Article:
Image Internet Horology Club 185 user: Larry Buchan
In 1969 CPR listed the wrist watches below as the only Approved Wrist Watches, together with a list of Approved Pocket Watches :
“Bulova Accutron “Railroad Approved” 21014 and 28014
Girard Perregaux 307 HF (17 jewels)
Longines Railroad 280 (17 jewels)
Universal Geneve Railrouter Chronometer (17 jewels)”
These watches are described below, in turn.
BULOVA ACCUTRON “RAILROAD APPROVED” 21014 AND 28014
The Accutron was nearly immune to vibration effects, and easily surpassed the Railroad certification requirements. Because of the Accutron tuning fork’s extremely stable oscillations, an Accutron could be regulated to within +/-2 seconds per day or less, double the accuracy of a modern Chronograph grade ETA mechanical movement.
GIRARD PERREGAUX 307 HF (17 JEWELS)
The Girard Perregaux Railtimer also came in various models, and a 12 o’clock model with is shown below. They were all signed High Frequency.
The 307 HF – 0 dial is shown below with 0 at 12 o’clock as required by CN Railway specifications.
Image courtesy of WatchTalkForums user: scottw44
Image courtesy of WatchTalkForums user: scottw44
LONGINES RAILROAD 280 (17 JEWELS)
The Longines RR280 often called the Canadian to distinguish it from the American Longines T905. It was the only model with an arrow sweep second hand and a dual time “Pacific hands” version with square lugs is shown below.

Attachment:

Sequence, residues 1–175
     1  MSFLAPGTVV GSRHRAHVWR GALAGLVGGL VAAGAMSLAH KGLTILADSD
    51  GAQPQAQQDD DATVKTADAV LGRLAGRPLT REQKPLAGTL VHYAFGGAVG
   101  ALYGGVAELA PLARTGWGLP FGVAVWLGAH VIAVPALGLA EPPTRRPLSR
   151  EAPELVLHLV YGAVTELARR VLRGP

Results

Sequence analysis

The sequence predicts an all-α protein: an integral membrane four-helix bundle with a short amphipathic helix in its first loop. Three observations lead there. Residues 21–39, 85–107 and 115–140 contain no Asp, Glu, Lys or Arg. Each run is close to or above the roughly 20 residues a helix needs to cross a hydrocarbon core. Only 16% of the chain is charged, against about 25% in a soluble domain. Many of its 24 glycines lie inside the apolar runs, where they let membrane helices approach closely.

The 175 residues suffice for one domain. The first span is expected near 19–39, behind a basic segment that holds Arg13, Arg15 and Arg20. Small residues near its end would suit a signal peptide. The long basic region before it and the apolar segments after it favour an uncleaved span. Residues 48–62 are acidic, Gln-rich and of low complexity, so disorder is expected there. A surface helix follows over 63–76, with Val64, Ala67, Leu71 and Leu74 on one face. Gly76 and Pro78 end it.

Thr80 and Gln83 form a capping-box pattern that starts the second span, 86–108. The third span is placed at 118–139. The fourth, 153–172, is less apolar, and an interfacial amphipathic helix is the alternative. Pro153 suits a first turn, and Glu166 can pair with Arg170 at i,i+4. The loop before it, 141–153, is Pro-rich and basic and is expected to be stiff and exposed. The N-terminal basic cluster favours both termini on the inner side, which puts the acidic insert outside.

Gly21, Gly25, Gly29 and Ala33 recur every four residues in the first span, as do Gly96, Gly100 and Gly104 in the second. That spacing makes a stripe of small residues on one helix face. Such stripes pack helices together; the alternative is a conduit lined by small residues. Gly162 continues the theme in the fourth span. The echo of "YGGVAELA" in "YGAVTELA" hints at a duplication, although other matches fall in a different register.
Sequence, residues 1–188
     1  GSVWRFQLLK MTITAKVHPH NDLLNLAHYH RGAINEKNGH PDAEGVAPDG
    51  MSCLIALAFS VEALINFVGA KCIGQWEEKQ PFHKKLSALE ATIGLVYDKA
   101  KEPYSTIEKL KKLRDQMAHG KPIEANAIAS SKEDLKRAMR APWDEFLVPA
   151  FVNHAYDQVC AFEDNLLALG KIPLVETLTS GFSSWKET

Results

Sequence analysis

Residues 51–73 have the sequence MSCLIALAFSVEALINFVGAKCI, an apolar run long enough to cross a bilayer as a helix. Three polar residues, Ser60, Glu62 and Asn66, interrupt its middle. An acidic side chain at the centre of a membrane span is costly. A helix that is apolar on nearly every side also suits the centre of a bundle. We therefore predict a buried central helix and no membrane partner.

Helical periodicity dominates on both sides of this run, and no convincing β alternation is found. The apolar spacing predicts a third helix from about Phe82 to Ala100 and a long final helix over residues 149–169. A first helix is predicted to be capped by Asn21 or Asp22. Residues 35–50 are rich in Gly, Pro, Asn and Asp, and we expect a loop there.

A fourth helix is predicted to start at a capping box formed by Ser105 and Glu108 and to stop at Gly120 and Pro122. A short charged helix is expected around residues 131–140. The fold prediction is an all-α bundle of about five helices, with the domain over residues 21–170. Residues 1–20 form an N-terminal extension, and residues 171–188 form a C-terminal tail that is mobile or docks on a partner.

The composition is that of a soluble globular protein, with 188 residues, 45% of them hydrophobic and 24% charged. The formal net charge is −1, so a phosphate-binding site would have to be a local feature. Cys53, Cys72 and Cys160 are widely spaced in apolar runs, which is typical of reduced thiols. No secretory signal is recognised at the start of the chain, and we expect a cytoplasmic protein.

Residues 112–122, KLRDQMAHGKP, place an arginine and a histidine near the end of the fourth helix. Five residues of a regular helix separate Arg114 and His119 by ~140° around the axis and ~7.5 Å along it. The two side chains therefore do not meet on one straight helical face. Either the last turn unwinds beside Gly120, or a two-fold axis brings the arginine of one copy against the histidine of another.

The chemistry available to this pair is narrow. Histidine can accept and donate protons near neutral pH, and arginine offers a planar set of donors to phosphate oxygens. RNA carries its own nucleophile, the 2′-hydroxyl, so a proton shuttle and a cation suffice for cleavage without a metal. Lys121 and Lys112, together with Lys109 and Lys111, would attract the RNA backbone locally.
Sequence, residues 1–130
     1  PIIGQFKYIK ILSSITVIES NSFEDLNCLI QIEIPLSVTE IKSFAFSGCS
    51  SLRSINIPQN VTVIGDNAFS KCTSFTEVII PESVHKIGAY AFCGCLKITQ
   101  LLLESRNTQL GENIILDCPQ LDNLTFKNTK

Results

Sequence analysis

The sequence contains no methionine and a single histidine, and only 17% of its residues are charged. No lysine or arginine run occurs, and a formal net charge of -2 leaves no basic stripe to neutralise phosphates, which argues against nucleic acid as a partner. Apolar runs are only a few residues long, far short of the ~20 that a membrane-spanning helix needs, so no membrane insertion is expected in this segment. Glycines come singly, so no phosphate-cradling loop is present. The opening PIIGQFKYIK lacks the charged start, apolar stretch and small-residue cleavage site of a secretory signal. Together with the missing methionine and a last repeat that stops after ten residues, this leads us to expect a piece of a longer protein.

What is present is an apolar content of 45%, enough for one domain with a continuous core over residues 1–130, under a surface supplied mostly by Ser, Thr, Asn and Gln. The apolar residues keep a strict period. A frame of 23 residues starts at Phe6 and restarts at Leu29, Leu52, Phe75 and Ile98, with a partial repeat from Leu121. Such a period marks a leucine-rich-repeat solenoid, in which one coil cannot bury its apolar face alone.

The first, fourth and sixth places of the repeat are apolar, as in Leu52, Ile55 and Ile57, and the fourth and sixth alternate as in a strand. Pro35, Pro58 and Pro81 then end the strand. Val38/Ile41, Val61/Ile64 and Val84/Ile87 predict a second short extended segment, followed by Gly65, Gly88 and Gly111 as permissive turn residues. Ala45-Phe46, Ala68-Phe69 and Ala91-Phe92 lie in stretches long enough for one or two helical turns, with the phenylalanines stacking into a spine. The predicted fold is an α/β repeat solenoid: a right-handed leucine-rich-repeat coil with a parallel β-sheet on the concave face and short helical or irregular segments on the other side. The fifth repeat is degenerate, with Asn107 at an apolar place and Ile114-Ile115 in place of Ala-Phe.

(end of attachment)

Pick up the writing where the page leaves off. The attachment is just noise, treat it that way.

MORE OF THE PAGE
Below is the Ref 7816 version with pencil hands.
A dial with 0 at 12 o’clock is shown below. Normally the RR280 had thin pencil hands but on this model dauphine hand sets were used, and have been copied in the recent Longines RR888 homage watch.
Image courtesy: matthewbaininc.com
The RR280 movement is shown below. The RR280 was a modified version of the regular Longines caliber 280. It had an additional hacking feature, a swan-neck regulator for fine adjustment and it was regulated in 5 positions.
UNIVERSAL GENEVE RAILROUTER CHRONOMETER (17 JEWELS)
The Universal Geneve Railrouter Chronometre is shown below with the twisted lug case of the original Polerouter. Early dials had just UNIVERSAL GENEVE beneath the 12 o’clock position, without a logo. All the Railrouter models carried thin syringe minute hands and spade hour hands, both with long pointers. The watch had a manual-winding RR chronometer Universal Genève movement calibre 1205 with hack seconds feature.
The calibre was a development of the UG 263( http://www.ranfft.de/cgi-bin/bidfun-…&Universal_263 ) with the stop seconds work added, to meet railways requirements. The dimensions were 35mm diameter and 45mm lug to lug.
The 1205 movement above is numbered 9388
The 565100 Gold Plated 1205-0 model is shown below, with a dial commencing at 0 at 12 o’clock as required by CN Railways. This is possibly a later model in the Universal Geneve Railrouter series, as the markers 12 to 23 are in black, and the Cal 65 movement is used instead of the cal 1205 movement.
The Calibre 65 movement is shown below.
Image courtesy of WatchTalkForums: scottw44
The listing for the watch above by A Trebor’s Vintage Watches reads :